Keyword targeting will play a new role in your AEO strategy, because voice users search using different semantics.
Regular search queries – ie, those typed into a desktop browser – tend to be:
- Standalone statements that often don’t make sense out of context
There are higher search volumes on these key terms, but low to medium intent from the user.
On the other hand, voice search queries are:
- Phrased as questions instead of statements
- Often tied to a location with the mention of a town, city or region, or the use of phrases such as ‘local’ and ‘near me’
There are lower search volumes on these key phrases, but much higher intent from the user, because the query is more specific.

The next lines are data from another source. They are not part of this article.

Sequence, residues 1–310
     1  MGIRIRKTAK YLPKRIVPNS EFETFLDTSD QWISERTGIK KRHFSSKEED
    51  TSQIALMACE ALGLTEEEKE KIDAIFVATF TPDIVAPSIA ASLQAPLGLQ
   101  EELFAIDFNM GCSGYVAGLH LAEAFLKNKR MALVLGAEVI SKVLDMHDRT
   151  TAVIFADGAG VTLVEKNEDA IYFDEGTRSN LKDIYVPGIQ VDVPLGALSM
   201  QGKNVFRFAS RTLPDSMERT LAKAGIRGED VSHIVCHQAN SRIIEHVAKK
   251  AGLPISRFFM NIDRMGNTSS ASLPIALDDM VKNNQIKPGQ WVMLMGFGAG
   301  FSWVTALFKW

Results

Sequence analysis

Appeal to the lowly-searched phrases, and you may limit your exposure – but you will appear more relevant for niche searches, and will therefore be more likely to hit Position #0!
Take active steps to increase your chances of being found in an answer engine
An answer engine needs to perceive your brand as credible if it is going to consider your business as a viable option for the user. It also needs to understand your location in order to ‘match’ you with people who are conducting regional searches (either knowingly within their key phrase, or unknowingly based on the information that the device collects about their location and browser history).
To enhance your credibility, you, as a marketer, need to:
- Give the index as much accurate information about your brand as you possibly can
- Make sure the answer engine can understand, then correctly categorise, this information
There are two tools available to you that can greatly increase your chances of being listed in Position #0 by an answer engine: